Elon Musk could become the world’s first trillionaire. And that’s OK.

It’s a great thing that the US economy can generate tremendous entrepreneurial wealth from technological innovation

One of the articles in the recent “Money Issue” of The New York Times Magazine tries to calculate just how many American billionaires there are: “Forbes thinks there are 735 of them in America. Another count finds 927. Whatever the answer, the mystery is revealing — and the number is growing rapidly.”

Yes, reporter Willy Staley does try to parse the differences between how Forbes, Bloomberg, and a research company called Wealth-X all try to tally the super-rich of the USA. But the piece’s deeper purpose is to persuade Times readers that any number of billionaires greater than zero is probably a bad thing. Here are a few snippets that give the flavor of Staley’s prose — and perhaps politics:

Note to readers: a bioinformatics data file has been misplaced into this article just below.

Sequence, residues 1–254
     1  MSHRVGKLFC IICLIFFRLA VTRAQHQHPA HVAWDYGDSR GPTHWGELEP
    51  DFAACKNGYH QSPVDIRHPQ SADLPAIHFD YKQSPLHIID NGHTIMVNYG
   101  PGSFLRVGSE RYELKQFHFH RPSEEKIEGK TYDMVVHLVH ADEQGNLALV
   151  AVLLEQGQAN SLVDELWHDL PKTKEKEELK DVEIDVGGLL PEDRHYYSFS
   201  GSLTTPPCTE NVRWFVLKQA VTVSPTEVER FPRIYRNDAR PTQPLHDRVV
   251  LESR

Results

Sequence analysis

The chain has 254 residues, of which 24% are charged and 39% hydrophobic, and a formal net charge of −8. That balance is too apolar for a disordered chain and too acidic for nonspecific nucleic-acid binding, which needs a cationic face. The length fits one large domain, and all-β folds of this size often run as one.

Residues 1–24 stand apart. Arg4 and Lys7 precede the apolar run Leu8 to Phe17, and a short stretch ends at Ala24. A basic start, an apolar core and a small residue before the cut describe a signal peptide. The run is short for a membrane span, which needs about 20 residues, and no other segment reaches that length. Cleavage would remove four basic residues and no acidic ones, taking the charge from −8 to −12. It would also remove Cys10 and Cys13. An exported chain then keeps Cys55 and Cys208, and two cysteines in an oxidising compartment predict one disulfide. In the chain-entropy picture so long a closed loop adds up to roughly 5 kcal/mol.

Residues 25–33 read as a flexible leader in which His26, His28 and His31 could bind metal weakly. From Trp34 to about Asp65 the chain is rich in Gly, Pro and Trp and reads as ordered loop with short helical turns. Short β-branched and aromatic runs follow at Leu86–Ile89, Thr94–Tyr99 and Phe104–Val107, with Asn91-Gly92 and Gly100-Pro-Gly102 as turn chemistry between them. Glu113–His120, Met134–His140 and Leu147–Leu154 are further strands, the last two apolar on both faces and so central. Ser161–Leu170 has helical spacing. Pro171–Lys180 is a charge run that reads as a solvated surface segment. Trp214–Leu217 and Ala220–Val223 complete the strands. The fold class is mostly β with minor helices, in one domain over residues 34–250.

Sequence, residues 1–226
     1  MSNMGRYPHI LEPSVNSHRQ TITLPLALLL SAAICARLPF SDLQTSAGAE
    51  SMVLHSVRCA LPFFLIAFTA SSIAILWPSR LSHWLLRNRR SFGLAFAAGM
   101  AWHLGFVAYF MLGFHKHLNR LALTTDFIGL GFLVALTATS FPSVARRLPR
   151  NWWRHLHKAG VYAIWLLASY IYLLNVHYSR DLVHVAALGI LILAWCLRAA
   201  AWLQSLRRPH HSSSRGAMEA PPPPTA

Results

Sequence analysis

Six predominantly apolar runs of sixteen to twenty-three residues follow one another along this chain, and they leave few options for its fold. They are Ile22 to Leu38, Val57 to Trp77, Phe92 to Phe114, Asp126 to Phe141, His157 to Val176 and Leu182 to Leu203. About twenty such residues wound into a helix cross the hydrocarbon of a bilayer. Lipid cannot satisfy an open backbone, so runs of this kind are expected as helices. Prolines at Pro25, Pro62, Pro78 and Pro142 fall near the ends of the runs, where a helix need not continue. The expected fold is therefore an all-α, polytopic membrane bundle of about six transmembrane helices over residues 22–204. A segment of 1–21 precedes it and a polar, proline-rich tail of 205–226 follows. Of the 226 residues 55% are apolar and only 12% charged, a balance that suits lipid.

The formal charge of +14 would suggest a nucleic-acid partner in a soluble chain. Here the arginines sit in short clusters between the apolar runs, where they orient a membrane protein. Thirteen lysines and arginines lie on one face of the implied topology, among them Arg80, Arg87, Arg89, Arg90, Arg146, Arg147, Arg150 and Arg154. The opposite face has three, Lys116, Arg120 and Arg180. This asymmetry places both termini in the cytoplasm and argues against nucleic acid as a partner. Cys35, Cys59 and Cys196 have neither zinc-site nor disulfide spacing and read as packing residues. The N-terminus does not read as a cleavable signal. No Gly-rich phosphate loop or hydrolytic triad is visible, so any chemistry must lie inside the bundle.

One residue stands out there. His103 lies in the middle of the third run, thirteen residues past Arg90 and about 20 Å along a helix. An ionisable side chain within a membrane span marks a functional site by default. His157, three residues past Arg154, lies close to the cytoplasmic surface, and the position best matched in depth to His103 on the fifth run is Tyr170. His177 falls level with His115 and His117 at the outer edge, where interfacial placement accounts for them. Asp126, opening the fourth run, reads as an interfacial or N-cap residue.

As the ultrawealthy have multiplied, some Americans have drifted toward a sort of billionaire Gnosticism, a sense that we live in a fallen world run by a demonic group of plutocrats. … But you don’t need to think of any individual billionaire as evil to find the sheer concentration of power they have disturbing. … The issue with billionaires is not that they’re sociopaths, though certainly some are. … And until something changes, we will live in a nation that is substantially warped by the gravity of their fortunes.

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Πηγή: fasterplease.substack.com

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